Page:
All praise to director Tomas Alfredson, screenwriters Steven Straughan and the late Bridget O'Connor, and that cast, oh that cast. Too bad we'll never know what John Hurt would be like in the role of George Smiley. But considering we get a great one in Gary Oldman, as well as Hurt as Control who almost reeks of tobacco, even if this film wasn't shot in Smell-O-Rama. There were some actual Oscar Prognosticators who felt Oldman would lose out on a Best Actor nomination to Leonardo DiCaprio for the disappointing J. Edgar. Yes, Leo put an almost unrelenting amount of energy and effort into his work, but anyone with more than a little knowledge of acting and with over a 100 IQ could see the seemingly minimal effort done by Oldman here. And I say seemingly; Smiley the great poker player who keeps almost everything in check. The picture of restraint when just a little loss of control could have catastrophic results. Bring on the two potential sequels if Oldman returns as Smiley and if the quality standards remain high.

7) DRIVE- A cool modern noir, that combines the best of Michael Mann's Thief, Walter Hill's The Driver, the Steve McQueen persona, stirs with a generous amount of sharp dialogue and a good cast, and lets the tension and blood flow nicely. Ok, so Ron Pearlman makes a lot out of his seemingly underwritten role, as does Carey Mulligan, who appeared to be lit in a constant halo and dressed in colors to highlight this. The connection between Gosling and Mulligan is nice, the overly chaste love story, not great. And if it is true that Drive is actually an allegory for the creative bankruptcy of Hollywood executives, sorry, fail. It doesn't play well; my allegory stuff regarding Meek's Cutoff holds up more.

Not the first film to show "the dark underbelly of Los Angeles", but it's about the execution of the familiar. Director Nicolas Winding Refn executes well, a major improvement over his last film, Valhalla Rising. And as for this Ryan Gosling guy? I don't think there's a role who couldn't pull off out there? Could he pull off Voldermort without make-up? Probably. Could he play say, Jane Fonda's role in a remake of 9 to 5, complete with wig and vintage wardrobe? Easily, I say. Very good indeed in Drive.

6) MEEK'S CUTOFF- The Western's not dead, folks. It can still be used effectively. It was effective earlier in 2011 with the fun and decent Rango, and the same goes for Kelly Reichardt's Meek's Cutoff. Also the best of Michelle Williams' two 2011 releases. I enjoyed My Week with Marilyn, and I understand going for Oscar gold with Marilyn as opposed to Meek's. Marilyn is good, but it's an above average episode of Masterpiece Contemporary. The depiction of the young man near the center of the story, as a naive but darling young angel, reeks of bullshit to me, but I'm digressing . . .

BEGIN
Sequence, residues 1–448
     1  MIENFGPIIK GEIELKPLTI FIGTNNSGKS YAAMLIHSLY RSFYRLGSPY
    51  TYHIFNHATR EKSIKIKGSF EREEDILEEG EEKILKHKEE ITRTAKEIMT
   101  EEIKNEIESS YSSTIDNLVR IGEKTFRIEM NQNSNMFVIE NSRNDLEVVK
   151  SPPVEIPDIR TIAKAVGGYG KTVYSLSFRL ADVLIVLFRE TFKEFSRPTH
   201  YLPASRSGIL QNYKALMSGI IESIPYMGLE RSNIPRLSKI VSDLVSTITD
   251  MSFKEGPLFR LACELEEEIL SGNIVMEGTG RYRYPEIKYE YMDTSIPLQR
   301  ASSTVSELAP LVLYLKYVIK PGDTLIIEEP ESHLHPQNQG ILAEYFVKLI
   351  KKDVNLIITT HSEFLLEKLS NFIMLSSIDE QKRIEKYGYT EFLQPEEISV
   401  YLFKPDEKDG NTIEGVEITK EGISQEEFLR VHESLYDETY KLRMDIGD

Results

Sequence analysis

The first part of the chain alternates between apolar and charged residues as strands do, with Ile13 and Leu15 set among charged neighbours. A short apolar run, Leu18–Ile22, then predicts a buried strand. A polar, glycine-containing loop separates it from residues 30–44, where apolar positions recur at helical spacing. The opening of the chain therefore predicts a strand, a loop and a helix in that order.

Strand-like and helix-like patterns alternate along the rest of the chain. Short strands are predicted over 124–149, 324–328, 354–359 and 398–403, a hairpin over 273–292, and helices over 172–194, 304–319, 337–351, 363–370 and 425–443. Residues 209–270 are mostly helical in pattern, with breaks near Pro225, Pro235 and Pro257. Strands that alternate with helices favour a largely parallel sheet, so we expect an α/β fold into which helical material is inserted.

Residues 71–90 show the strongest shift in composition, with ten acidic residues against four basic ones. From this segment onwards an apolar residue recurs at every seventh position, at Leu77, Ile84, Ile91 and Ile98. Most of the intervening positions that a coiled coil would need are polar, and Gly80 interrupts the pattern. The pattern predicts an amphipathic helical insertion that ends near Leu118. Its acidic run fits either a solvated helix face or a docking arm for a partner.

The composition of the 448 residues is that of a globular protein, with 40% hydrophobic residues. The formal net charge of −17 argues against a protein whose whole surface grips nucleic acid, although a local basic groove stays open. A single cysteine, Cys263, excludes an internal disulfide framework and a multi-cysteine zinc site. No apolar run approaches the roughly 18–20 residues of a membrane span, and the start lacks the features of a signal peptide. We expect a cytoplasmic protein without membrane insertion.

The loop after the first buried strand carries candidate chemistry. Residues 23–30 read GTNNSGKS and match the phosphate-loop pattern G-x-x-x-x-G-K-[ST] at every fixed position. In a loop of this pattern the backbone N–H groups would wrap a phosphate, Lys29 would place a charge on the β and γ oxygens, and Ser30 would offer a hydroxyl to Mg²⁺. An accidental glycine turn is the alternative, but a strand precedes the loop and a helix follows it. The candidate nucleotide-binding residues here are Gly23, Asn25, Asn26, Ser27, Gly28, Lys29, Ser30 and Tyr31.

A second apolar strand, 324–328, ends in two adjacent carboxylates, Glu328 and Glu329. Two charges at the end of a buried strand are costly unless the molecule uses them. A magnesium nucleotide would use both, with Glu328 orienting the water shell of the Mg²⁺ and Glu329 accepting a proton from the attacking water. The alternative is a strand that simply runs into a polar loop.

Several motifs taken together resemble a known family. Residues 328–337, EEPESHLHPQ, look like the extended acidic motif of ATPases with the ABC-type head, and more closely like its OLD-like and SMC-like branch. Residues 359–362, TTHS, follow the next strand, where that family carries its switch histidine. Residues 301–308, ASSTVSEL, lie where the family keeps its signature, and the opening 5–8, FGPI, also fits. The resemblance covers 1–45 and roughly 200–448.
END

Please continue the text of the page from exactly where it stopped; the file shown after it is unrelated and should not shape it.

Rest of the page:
Set in 1845, a group of family settlers are lost while being lead by a loud guide who may or may not where he's going. The first ten or so minutes may be slow for many, and I wouldn't attack someone who feels that way, especially if they see the film on a typical TV screen or smaller. But it's important to set up the initial difficulties, the difficulty of the terrain, and how easy lives, possessions and equipment can be lost. After weeks of being lost, with the men unsure of whether to keep following the guide or not and the women's opinions going ignored, a new potentially dangerous element comes into their lives: a lone Indian. A non-white man who may or may not know the terrain, who may or may not help them. Do they follow this non-white man over their loudmouth guide? Do the settlers kill one of them? Do they kill them both?

All that may not be enough, but when you put what's going on in the film in the context of political America of the past ten or so years, then Meek's Cutoff takes on new dimensions. Imagine America, in the form of three families, being led by a likable Texan, played by Bruce Greenwood in pleasant scenery chewing mode. The journey is far more difficult than the Texan has led the party to believe. The Texan, who we'll make George W. here, appears far better at making himself sound good than in leading the party to the Promised Land. All of a sudden, they run into an Indian, and let's make Obama the Indian here. Eventually, the Indian sees symbols, and starts travelling in a direction different than what the Texan has been advocating. The Texan wants his polar opposite dead. Two of the couples represent opposite extremes; their fears and/or hysteria and/or anger toward the unknown, their own perilous situation, and toward the Indian who is a different skin color, not of the same religion and doesn't speak English. Now where is the Indian going? Is he leading himself to a better place and encouraging the others to follow? Is he even interpreting the symbols or directions properly? Is he even going somewhere at all, or is the Indian merely on some sort of walkabout? It's up to the third couple, the Center of the party or country if you will, that Williams' character is a part of, to try to figure out and try to force the rest of the party to follow. Whether they like it or not.